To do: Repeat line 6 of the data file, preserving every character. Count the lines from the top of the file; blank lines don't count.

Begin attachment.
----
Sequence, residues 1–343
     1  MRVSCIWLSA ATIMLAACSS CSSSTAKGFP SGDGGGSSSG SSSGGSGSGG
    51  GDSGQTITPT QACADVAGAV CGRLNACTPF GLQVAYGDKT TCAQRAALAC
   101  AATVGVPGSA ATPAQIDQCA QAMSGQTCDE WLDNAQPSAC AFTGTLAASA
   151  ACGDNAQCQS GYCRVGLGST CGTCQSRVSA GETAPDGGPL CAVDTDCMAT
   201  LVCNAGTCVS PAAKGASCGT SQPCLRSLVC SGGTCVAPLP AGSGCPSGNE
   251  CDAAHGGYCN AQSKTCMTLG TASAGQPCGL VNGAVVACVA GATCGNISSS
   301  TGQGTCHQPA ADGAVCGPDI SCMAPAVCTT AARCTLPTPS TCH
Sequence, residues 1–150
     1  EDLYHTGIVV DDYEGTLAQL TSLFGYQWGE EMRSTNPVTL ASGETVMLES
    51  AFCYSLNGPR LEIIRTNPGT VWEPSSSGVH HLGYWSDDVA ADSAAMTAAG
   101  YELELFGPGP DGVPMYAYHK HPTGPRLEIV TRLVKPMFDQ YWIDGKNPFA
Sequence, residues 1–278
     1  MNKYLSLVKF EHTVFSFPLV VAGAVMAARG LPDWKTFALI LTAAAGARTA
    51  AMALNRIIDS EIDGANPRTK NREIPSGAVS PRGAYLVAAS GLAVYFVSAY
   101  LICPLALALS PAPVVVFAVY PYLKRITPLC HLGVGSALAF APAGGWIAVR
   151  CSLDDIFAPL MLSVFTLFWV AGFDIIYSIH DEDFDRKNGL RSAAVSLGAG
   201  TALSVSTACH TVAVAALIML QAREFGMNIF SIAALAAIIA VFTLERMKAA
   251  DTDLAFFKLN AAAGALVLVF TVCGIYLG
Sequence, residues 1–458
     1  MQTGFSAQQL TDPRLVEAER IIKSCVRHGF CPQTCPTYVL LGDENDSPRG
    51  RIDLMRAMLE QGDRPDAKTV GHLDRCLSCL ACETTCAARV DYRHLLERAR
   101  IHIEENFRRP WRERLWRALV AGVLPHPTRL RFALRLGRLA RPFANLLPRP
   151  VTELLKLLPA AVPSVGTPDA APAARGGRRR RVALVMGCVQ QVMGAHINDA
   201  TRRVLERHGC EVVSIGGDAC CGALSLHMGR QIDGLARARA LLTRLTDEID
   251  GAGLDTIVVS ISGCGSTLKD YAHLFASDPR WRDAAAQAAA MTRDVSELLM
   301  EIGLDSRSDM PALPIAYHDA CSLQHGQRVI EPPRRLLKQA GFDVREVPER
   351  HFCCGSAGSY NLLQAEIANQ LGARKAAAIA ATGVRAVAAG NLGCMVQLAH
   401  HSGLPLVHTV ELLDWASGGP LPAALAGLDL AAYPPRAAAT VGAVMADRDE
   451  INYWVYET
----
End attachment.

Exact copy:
   201  LVCNAGTCVS PAAKGASCGT SQPCLRSLVC SGGTCVAPLP AGSGCPSGNE